She’s now known as a human rights activist but most people remember her as a jet-setting party girl in the ’70s and the ’80s. She was one of Andy Warhol’s muses and was a fixture at Studio 54. I like her because she is so FIERCE. Joel called me out on the fact that I have a thing for women with stunning jawlines, but more than that, I have a thing for women of rock n’ roll. They all look so glamorous and nonchalant smoking their cigarettes and sleeping in tour buses. Bianca Jagger’s halter dresses, Halston gowns, and wide brimmed hats are the stuff of legend.

Photos Courtesy of Pinterest (I hate citing Pinterest! But a lot of pictures are “user-uploaded”) / The Huffington Post
 The Zoe Report / Boho Gypsy Girl Harper’s Bazaar







Funny Girls are the Best Girls


Photos by Peter Tom Tolibas

I never knew how much I loved female comedians. I’m currently reading Amy Poehler’s Yes Please and I’m finding myself simultaneously wanting to cry and wanting to stand up and read out loud the paragraphs that are blowing my mind. I know I should stop getting surprised, but I got bowled over when Amy gets into detail about royally screwing up, using self-righteous anger to buffer your shame, and the gargantuan task of asking for forgiveness and apologizing with your heart. I’m not even halfway done!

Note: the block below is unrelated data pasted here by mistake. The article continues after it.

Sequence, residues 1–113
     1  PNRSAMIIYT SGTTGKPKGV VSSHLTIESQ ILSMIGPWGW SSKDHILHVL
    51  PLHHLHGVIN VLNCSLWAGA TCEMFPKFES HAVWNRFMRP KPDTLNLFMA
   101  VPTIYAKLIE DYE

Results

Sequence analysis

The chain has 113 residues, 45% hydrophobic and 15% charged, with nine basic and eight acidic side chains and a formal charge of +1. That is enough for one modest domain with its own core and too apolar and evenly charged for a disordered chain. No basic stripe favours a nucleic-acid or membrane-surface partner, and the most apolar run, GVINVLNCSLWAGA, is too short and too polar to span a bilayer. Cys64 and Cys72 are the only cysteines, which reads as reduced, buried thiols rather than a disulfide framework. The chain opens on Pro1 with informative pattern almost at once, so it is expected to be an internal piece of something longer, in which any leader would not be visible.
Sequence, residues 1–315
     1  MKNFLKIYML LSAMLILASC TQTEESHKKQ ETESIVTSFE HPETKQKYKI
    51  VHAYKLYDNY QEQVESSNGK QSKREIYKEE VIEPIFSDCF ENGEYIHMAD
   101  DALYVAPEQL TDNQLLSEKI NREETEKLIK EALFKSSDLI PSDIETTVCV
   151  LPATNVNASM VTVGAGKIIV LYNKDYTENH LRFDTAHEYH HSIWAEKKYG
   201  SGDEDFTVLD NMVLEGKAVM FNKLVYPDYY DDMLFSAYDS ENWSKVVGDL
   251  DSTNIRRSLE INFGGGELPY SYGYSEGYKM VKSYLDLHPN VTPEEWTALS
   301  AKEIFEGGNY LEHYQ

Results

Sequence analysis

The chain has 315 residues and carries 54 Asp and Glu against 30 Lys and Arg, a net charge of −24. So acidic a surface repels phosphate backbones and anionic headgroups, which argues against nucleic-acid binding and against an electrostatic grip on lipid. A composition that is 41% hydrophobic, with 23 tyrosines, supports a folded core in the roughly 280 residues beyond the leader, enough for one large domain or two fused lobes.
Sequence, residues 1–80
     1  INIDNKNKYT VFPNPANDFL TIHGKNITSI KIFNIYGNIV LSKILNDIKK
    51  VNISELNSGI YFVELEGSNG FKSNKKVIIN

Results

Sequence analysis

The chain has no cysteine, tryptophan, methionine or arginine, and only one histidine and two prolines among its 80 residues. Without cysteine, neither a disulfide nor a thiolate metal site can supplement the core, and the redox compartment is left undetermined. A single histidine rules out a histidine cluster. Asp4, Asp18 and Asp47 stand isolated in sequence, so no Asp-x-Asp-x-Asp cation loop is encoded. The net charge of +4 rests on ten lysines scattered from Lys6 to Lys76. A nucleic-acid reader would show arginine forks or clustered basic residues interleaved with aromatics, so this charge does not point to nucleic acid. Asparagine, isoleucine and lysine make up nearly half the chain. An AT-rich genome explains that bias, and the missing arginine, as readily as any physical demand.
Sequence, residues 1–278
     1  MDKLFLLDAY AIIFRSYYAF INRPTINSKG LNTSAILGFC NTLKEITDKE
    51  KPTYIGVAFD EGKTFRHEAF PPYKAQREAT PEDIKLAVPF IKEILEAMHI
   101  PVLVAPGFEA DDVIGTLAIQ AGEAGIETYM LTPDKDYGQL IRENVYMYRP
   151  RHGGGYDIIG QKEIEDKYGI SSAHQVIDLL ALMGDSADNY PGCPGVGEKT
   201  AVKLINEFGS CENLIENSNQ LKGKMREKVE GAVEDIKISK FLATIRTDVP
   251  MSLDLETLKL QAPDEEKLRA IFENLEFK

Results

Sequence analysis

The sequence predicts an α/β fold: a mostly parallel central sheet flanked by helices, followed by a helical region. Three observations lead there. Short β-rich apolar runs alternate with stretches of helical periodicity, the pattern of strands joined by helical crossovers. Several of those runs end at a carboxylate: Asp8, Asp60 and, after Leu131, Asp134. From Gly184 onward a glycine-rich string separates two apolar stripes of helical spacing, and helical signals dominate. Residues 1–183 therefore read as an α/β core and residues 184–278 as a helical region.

I’ve always been drawn to funny people. Mainly because I didn’t think I was and I was hoping that I could work on developing a sense of humor through osmosis. Good news: it’s possible. My husband was one of the people who brought it out of me. One of his bigger secrets is the fact that he has an absolute foul mouth and is the master of schadenfreude. He has had a lifelong fascination with poop. He thinks being politically correct is overrated. He will make fun of people, things, and ideas that polite society should not touch and he says that the act of going below the belt is what’s funny to him, the fact that it’s so absurd. I used to recoil in horror at the garbage that can come out of his mouth, but then I realized that I think and feel the same things too but I never learned how to get comfortable and poke fun at it.